Fresh doubt has been cast on European fixtures involving English clubs playing in France this week amid fears strict travel rules could wreak more havoc on the Champions and Challenge Cups.
Newcastle are due to play in France on Friday, as are Bath and Sale at the weekend, and while the organisers, European Professional Club Rugby, said last week that all fixtures will go ahead as planned, the key stumbling block is that clubs must isolate for 48 hours upon arrival before their matches, according to current travel rules. On Monday night officials were lobbying the French authorities through the Ligue Nationale de Rugby to relax that rule. But if the 48-hour isolation ruling remains, those fixtures would be cast into considerable doubt with the English clubs harbouring concerns over travelling.
Newcastle’s encounter with Biarritz in the Challenge Cup being on Friday means the issue is all the more pressing for Dean Richards, who voiced his concerns after Saturday’s defeat by Northampton. Sale, meanwhile, have already raised the prospect of not travelling to Clermont for Sunday’s Champions Cup match with their director of rugby, Alex Sanderson, expressing fears that his South African players would not be granted the necessary visas in time. Bath, who face La Rochelle in the Champions Cup on Saturday, were similarly in limbo on Monday night.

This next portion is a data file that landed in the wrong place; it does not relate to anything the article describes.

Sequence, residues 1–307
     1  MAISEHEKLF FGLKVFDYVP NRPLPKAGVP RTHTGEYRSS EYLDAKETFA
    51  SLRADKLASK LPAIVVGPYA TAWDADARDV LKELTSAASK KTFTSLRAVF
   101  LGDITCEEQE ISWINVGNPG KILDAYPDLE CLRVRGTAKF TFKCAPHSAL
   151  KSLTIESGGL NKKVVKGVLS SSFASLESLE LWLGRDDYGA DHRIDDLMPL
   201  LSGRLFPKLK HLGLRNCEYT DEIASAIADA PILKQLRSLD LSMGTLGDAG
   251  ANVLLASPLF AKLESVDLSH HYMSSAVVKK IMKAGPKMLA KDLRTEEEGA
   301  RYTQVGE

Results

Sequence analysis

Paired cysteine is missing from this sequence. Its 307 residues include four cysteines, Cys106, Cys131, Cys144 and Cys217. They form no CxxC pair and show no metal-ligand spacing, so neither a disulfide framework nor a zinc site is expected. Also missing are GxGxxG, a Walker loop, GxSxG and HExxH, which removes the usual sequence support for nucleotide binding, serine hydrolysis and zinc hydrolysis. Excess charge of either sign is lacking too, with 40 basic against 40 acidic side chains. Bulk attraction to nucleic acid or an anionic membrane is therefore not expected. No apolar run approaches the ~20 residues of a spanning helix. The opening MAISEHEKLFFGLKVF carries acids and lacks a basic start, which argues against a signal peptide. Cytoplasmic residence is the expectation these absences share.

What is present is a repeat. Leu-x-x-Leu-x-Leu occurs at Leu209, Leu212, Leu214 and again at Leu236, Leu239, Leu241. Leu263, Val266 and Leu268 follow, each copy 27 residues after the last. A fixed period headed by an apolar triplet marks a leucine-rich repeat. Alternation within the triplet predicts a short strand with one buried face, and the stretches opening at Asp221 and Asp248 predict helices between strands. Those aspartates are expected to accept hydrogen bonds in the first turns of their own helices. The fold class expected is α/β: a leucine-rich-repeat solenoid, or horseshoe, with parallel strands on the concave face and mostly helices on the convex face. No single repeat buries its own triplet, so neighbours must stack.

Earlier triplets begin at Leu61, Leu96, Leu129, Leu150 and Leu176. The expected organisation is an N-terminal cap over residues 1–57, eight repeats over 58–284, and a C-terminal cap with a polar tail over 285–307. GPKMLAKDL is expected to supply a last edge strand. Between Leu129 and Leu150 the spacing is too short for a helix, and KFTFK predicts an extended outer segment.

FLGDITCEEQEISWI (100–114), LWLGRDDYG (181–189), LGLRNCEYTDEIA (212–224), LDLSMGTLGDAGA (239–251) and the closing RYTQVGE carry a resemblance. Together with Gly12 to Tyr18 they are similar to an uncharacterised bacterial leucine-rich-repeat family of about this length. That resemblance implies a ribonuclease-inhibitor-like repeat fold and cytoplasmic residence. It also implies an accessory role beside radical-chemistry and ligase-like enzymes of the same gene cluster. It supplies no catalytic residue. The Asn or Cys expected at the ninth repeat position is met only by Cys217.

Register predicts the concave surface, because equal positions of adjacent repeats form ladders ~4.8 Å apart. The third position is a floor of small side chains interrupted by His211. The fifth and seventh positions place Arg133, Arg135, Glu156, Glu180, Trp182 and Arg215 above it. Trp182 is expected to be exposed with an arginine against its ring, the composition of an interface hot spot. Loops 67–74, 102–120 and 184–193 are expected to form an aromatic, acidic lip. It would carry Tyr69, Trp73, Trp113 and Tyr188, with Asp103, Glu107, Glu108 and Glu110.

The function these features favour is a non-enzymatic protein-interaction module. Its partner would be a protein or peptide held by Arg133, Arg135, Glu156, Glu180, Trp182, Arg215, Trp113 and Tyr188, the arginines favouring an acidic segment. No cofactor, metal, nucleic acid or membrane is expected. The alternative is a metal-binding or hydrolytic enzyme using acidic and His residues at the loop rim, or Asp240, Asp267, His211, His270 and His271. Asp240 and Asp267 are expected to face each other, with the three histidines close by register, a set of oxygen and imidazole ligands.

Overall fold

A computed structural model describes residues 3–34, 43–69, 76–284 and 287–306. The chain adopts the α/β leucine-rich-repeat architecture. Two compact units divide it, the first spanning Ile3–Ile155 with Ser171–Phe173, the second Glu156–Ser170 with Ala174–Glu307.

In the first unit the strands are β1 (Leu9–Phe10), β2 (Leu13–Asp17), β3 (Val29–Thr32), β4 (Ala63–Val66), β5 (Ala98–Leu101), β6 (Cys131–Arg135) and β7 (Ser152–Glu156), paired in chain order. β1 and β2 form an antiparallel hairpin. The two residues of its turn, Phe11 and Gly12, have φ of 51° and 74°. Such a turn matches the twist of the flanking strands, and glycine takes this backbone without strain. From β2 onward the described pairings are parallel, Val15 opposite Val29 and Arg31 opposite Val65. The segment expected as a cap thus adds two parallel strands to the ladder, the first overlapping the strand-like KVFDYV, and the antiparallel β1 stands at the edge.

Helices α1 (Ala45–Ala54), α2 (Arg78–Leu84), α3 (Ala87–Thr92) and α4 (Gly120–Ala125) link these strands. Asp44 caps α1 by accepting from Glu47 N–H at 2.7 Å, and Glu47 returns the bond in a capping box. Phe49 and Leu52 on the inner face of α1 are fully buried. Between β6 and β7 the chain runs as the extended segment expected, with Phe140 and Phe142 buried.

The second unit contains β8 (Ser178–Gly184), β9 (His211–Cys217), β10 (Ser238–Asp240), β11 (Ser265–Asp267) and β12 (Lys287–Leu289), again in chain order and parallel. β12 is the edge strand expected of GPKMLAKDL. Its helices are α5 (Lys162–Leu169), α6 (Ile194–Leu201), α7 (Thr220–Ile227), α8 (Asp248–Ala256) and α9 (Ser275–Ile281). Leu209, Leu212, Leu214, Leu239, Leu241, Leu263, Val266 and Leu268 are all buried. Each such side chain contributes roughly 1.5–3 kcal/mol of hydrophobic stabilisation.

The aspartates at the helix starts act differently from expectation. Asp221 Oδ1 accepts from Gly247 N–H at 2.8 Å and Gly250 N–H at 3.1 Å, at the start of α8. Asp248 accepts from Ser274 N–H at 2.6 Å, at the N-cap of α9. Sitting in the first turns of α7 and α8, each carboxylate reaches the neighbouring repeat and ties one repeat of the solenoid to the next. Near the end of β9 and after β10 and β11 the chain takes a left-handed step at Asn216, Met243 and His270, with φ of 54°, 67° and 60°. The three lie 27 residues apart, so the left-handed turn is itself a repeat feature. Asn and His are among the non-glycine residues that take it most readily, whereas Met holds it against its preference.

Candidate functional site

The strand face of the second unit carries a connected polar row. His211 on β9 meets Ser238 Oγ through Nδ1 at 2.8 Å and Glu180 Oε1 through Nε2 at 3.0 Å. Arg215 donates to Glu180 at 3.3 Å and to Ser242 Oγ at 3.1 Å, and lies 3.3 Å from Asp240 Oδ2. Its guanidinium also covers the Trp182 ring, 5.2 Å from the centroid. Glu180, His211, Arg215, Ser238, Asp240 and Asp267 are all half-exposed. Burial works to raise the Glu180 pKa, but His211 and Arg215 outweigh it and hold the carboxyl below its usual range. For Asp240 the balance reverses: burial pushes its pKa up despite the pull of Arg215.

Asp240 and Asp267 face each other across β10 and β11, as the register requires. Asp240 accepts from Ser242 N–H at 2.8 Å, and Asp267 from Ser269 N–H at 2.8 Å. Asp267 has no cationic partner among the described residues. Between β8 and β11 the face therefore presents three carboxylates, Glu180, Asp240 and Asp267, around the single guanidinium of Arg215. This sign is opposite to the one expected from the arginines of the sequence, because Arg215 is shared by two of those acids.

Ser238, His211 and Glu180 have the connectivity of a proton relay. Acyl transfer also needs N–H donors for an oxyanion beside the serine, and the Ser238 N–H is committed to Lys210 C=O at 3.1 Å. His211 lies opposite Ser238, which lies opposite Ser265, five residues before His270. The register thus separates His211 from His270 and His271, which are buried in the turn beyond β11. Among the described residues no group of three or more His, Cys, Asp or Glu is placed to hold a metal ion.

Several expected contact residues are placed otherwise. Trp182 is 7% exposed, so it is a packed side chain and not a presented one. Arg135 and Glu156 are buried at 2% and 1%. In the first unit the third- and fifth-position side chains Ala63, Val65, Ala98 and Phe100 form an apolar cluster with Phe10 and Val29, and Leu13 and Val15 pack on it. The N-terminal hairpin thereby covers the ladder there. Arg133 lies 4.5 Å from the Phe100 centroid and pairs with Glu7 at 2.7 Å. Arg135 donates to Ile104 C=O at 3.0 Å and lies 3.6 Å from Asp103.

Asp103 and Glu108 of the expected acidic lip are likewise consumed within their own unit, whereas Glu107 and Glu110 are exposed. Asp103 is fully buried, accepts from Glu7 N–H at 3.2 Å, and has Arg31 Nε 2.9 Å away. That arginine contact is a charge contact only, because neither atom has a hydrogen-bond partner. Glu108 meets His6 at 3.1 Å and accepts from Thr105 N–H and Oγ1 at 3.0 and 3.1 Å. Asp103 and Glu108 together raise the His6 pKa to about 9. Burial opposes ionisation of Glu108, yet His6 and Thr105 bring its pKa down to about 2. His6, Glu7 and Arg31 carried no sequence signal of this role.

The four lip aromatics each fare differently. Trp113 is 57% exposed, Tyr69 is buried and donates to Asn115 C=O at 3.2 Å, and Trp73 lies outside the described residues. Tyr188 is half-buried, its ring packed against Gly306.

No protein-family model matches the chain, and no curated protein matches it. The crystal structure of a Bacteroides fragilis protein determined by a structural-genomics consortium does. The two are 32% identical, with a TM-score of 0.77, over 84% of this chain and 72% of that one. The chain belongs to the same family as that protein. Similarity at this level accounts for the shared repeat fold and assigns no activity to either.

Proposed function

EPCR has stressed that clubs will be able to train during the 48-hour period, but there are fears among the English clubs over the need to produce a negative test to leave isolation, which in turn raises the possibility that members of the travelling party could be stranded in France. Newcastle’s situation is all the more complicated because they are also due to play away to Toulon on Saturday 22 January.
EPCR had said all matches would go ahead as planned after revealing the French government had given teams permission to travel “in pursuit of economic activity”. That appeared to avoid a repeat of the seven cancelled in December but hopes of avoiding another decimated round of fixtures appear to hinge on whether the French government is willing to drop its 48-hour requirements.
“We’re not sure where we stand with it all and to be honest I’m not sure if we can go,” said Richards. “There has so far been no relaxation from the French government regarding the 48-hour isolation requirement and it’s very much up in the air. We just don’t know where we stand.”